Three Billboards Outside Ebbing, Missouri
Length: 115 minutes / 1.92 hours
The first film by Martin McDonagh I saw was Seven Psychopaths (2012). I enjoyed how he was able to take the audience through many entertaining twists and turns. For his follow-up film, Three Billboards Outside Ebbing, Missouri (2017), McDonagh has improved on the twists, as well as the darkness of the comedy contained therein. In fact, the comedy is so dark that at times it was almost uncomfortable to laugh. All this being said, the two areas that make this a standout film are the characters and its complexity.
Let’s start with the characters. Almost every single character is introduced in a way that the audience wants to dislike them. And yet, over the course of the film, the significant amount of character development makes the audience root for people who threw individuals out of second-story windows or chucked Molotov cocktails at a police station. Part of what helps in these character developments are the twists that add to the complexity of the story. Nothing is a foregone conclusion in Three Billboards, and in that sense, it has some semblance of reality to it.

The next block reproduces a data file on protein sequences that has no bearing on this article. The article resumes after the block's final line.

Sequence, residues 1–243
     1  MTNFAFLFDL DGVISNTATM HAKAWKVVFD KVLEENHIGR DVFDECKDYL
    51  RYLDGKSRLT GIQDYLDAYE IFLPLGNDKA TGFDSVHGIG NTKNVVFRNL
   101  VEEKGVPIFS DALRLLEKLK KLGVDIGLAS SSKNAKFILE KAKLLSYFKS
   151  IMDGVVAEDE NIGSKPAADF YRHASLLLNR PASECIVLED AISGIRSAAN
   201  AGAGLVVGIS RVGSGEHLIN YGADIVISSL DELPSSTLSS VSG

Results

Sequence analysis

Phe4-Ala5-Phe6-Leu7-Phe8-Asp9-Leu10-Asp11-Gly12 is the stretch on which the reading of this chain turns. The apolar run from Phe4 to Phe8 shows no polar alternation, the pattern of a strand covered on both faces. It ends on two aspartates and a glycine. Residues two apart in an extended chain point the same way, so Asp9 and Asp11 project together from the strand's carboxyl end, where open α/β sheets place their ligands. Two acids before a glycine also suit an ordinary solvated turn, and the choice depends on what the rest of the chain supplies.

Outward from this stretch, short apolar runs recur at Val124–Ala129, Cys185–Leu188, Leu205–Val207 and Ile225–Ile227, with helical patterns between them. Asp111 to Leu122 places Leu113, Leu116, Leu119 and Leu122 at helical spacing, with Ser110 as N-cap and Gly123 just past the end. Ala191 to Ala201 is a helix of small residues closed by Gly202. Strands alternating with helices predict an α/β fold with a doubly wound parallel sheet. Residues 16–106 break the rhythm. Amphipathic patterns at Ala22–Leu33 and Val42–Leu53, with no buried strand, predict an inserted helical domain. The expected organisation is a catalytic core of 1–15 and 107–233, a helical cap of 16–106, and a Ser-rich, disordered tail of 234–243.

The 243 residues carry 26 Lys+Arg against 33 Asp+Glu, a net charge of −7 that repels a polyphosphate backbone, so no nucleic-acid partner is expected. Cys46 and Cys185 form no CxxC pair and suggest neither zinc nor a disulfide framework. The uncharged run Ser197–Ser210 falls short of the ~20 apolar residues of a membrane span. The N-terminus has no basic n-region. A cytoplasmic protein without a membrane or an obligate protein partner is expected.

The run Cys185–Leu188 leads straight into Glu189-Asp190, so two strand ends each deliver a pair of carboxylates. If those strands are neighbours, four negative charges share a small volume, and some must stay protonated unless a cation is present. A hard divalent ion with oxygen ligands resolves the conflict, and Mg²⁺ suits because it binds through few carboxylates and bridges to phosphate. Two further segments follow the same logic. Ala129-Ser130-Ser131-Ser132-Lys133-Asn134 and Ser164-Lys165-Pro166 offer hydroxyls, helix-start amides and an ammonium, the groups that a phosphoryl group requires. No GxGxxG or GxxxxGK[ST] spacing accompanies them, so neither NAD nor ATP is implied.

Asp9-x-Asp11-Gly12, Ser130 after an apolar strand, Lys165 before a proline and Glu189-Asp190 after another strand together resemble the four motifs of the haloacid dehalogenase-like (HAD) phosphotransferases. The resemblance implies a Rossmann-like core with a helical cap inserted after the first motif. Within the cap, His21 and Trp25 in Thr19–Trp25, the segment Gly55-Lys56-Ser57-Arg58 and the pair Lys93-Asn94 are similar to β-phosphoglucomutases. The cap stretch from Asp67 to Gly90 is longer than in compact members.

On top of these two outstanding characteristics, Three Billboards is also extremely relevant. Set in that portion of mid-west America that seems to embrace the status quo over all else, even if this status quo defends and condones racism, violence, and sexual assault, the fiercely loyal townspeople turn into the real villains. Throughout all of these injustices, a small amount of hope remains, giving many individuals the modicum of energy needed to live in a society that seems to be against them at every turn. It’s a good thing this movie had some funny moments because otherwise, it would have been a sad reflection of our current affairs.
A sharp, smart, and relevant movie with complex characters and plot, I give Three Billboards Outside Ebbing, Missouri 5.0 stars out of 5.